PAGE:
If there is becoming, then there is change. But Buber doesn't like the sound of that, so he stops well short of pursuing his own common sense -- or common experience -- to its theo-logical deustiny.
But for Hartshorne, Buber's words are just plain logic, "neither less nor more," so theologians (including Buber!) who balk at their implications are being "wonderfully illogical."
Some say that to affirm change in God is to deny omniscience, because if God is omniscient then he can by no means be "surprised" by change. In this view, God is the last jaded word in Been There/Done That.
That is, what looks like change to us must be as one big spatiotemporal block to God, where everything -- past, present and future -- is taken in at once. Or in other words, for God, time is not temporal, but rather, spatial.
To which one can only respond with a shrug of the shoulders and the old "that's one way of looking at it."
But that way has never appealed to me, neither emotionally nor intellectually, not to mention spiritually. Rather, I like the idea of adventure, including Adventure in God. What if God is the quintessential adventurer and creation is the ultimate E-ticket adventure?
To which one may well respond with a shrug of the shoulders and the old "that's one way of looking at it."
I mean, far be it from me to start an argument if you prefer to be a religious couch potato resting in the comfort and safety of your own delusions.
I want to briefly skip ahead to the contribution by a Nahum Glatzer, professor of Judaic Studies at Brandeis. It seems to me that he absolutely Nails It in observing that the prophets teach "the freedom of choice."
Now, "Israel is in the hand of God like the clay to a potter's hand." However, this does not mean the future is settled and that our freedom is an illusion.
For on the one (potter's) hand, "God plans the destiny of nations and of men." Bueno. I think we can all agree on that.
However! "In choosing the good," it is as if man "causes" God to renounce his plan for what would have occurred had man turned away from the good. Or, in choosing evil, man "causes" God to adjust his plans accordingly.
Thus -- common sense again -- "Because there is a covenantal relationship between God and man, man has the power of turning to the good or the evil, and thus also the power of turning the tide of events."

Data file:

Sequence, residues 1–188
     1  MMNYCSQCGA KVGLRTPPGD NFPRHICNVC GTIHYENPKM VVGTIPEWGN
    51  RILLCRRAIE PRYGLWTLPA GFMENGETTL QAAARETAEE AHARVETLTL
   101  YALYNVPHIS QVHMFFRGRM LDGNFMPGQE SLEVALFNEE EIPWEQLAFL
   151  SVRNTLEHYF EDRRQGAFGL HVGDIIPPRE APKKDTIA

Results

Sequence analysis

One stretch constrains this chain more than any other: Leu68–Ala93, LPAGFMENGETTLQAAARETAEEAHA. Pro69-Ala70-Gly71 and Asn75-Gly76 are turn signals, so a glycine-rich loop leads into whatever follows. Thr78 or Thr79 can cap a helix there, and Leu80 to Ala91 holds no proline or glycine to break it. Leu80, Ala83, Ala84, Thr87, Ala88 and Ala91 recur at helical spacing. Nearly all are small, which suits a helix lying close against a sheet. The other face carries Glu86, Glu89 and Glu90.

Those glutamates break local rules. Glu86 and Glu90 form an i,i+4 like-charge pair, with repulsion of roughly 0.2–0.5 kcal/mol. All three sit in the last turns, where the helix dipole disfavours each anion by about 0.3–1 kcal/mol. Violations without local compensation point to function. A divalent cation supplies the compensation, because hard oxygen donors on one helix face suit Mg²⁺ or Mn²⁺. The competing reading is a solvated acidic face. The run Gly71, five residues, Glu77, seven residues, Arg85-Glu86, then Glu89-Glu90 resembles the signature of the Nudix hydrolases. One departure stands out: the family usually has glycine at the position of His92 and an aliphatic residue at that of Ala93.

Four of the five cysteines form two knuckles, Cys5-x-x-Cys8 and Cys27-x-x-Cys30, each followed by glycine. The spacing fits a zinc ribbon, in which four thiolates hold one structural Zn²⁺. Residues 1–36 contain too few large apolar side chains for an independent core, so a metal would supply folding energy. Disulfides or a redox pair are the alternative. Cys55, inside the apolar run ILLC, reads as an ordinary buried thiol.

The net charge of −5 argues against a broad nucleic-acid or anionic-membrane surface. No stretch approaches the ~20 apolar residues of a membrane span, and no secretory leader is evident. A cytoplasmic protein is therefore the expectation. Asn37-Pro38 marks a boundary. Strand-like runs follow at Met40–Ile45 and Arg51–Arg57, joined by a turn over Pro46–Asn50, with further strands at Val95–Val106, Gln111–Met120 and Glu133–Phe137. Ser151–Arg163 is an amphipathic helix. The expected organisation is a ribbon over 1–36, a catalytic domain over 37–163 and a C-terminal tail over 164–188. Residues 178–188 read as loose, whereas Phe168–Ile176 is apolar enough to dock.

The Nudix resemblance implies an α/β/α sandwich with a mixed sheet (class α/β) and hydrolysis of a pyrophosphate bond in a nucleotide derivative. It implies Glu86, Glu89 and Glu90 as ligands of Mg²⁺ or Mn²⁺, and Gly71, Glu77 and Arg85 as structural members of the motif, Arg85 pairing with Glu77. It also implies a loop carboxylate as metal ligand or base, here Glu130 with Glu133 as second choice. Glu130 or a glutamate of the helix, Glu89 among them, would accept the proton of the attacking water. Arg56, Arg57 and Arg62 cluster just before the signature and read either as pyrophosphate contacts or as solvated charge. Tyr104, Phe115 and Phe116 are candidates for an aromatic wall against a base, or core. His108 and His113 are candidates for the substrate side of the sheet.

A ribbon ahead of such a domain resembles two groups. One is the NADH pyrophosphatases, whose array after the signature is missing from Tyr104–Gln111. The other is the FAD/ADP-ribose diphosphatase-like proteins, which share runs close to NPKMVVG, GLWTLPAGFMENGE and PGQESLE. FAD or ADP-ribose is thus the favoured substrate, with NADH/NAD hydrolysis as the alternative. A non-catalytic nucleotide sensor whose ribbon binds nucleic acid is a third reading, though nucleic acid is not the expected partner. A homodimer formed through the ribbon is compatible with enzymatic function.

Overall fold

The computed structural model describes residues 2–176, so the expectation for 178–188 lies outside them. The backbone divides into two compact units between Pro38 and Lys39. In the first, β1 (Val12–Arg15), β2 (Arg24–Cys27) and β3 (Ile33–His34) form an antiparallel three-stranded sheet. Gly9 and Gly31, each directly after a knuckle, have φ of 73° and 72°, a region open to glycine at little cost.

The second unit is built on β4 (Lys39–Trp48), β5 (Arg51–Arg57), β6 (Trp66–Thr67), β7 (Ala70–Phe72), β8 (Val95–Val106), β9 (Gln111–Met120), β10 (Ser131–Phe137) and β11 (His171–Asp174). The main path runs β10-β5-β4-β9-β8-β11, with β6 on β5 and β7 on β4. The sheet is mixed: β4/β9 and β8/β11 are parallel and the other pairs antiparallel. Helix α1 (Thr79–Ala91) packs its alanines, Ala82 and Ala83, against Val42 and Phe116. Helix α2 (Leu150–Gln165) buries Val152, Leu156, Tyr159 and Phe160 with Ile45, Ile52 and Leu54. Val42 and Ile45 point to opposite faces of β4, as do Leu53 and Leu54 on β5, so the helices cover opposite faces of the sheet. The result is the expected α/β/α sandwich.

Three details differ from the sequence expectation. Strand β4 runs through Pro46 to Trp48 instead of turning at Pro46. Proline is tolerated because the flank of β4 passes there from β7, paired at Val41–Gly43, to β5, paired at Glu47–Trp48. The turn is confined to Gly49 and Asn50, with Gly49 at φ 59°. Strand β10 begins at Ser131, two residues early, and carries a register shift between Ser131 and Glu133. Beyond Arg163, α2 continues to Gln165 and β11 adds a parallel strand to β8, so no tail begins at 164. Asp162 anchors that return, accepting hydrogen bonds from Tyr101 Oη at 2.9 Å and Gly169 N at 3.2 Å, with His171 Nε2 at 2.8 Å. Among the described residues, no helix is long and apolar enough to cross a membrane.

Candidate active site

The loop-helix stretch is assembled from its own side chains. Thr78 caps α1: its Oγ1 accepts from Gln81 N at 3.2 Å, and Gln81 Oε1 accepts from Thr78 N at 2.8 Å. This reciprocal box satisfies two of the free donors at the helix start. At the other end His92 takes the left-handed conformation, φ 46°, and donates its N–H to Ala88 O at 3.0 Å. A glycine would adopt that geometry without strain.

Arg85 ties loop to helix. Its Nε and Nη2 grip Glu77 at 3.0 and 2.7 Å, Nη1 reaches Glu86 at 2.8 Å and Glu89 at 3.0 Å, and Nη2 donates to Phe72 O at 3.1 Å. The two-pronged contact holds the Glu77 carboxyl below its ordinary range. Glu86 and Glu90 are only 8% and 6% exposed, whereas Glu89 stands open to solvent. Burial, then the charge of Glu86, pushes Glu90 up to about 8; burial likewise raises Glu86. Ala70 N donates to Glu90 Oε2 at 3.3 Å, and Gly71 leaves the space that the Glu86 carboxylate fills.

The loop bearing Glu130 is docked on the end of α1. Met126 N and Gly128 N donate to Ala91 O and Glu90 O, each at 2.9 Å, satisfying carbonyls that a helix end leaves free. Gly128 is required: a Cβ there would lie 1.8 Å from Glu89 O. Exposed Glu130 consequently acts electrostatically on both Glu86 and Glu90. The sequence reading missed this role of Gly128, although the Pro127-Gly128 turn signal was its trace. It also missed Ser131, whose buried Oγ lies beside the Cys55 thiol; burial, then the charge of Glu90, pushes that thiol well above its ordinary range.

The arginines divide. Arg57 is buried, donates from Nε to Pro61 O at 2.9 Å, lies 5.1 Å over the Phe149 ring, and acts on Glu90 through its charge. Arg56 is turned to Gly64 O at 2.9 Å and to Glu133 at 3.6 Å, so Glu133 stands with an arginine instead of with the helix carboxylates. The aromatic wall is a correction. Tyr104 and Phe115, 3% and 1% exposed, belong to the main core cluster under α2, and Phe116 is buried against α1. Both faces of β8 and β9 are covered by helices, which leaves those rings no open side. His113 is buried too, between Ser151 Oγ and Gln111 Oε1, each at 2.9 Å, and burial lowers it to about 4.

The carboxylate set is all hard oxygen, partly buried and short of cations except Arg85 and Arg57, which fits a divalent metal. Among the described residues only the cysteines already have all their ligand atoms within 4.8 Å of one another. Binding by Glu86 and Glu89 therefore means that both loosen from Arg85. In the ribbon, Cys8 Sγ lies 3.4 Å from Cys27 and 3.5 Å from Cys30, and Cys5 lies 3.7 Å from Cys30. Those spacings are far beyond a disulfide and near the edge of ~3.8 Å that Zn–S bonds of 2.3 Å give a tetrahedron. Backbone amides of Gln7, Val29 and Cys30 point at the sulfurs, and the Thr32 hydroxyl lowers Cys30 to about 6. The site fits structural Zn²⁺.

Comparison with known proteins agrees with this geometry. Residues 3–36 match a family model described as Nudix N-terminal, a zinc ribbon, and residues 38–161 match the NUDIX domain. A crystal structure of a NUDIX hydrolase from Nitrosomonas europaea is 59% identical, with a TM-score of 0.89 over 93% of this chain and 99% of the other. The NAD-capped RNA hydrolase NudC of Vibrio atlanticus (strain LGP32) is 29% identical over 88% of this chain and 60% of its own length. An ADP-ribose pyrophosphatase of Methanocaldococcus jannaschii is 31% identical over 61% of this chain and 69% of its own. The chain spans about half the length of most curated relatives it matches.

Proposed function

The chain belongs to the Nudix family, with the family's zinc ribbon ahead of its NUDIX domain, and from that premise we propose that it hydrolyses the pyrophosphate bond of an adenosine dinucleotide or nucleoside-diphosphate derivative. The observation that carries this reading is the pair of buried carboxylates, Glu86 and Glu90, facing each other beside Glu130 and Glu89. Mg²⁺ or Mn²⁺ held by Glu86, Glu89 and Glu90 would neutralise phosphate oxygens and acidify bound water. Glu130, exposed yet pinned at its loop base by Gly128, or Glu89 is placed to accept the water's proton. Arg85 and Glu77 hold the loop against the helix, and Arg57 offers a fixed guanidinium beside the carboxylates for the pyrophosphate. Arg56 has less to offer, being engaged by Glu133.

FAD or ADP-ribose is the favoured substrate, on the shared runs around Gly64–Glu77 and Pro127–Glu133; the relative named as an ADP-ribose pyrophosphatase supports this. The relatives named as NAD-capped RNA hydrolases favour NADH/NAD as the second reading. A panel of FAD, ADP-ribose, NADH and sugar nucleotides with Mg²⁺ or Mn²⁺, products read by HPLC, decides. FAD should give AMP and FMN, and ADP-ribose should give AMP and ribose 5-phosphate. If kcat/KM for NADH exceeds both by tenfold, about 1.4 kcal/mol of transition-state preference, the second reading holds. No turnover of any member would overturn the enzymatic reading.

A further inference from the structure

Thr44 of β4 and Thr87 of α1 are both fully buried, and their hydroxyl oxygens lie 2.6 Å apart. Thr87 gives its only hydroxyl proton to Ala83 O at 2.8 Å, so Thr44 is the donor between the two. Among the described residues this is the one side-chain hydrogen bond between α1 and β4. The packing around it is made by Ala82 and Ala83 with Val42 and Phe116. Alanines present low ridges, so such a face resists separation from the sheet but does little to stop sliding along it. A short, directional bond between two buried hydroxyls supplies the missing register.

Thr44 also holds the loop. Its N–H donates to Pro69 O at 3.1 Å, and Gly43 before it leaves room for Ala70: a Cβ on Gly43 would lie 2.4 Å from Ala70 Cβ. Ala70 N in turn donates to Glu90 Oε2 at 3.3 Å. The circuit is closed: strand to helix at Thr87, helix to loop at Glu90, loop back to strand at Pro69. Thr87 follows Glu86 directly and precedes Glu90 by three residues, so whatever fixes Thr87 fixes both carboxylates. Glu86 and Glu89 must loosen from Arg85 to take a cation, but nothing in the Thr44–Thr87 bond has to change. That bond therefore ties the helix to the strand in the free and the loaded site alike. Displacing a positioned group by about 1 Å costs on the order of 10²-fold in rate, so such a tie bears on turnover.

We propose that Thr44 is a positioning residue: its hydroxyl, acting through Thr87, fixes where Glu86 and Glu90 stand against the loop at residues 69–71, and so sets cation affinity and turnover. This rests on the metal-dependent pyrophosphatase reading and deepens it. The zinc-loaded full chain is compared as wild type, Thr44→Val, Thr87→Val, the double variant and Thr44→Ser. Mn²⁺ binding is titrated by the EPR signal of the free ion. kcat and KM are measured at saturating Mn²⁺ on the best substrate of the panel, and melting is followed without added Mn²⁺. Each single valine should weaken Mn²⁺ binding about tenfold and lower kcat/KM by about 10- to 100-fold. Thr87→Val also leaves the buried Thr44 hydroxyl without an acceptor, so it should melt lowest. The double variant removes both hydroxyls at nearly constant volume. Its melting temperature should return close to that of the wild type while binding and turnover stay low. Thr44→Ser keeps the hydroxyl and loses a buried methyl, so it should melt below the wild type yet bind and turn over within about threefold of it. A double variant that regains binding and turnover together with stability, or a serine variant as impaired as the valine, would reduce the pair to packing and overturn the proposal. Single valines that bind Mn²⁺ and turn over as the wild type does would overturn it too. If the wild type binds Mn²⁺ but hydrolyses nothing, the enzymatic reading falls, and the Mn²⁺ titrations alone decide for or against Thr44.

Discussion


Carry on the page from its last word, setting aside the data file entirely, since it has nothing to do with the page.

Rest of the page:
Therefore, what happens to man is "the divine answer to his choice." This is no "mechanical relationship of cause and effect," but rather, "a dialogical correspondence between God and man."
This is because "God wants man to come to Him in perfect freedom"(emphasis mine and God's). This being the case, the future "cannot be a result of pre-determination," for "the spirit of God assumes the attitude of 'waiting' for man to fulfill the intention of Creation."
But predetermination always creeps back in like the worship of Ba'al, for any ideology that denies man's freedom and claims that the future is written is an iteration of the same old gnostic ba'algame, from Hegel and Marx on down to our own contemporary progressive clownocracy.
If Hollywood has taught us anything, it is that "Truly, for some men nothing is written unless THEY write it" (Lawrence of Arabia).
Of course, God is always the cowriter, and he has a contingency plan for every eventuality, but that does not equate to omniscience in the sense usually understood.
Rather, for Hartshorne -- common sense again -- omniscience is "limited" to what can be known. And what can be conceivably known is EVERYTHING that has happened and is happening. But unless we deny all distinctions between past, present and future, then "knowledge" of the future must be a different sort of thing.
For some reason, religious people are generally uncomfortable with this idea, but I am profoundly uncomfortable with its alternative, for there would be no reason to get up in the morning if it weren't for the opportunity to participate in a new adventure in and with God. I mean, is he just faking the interest?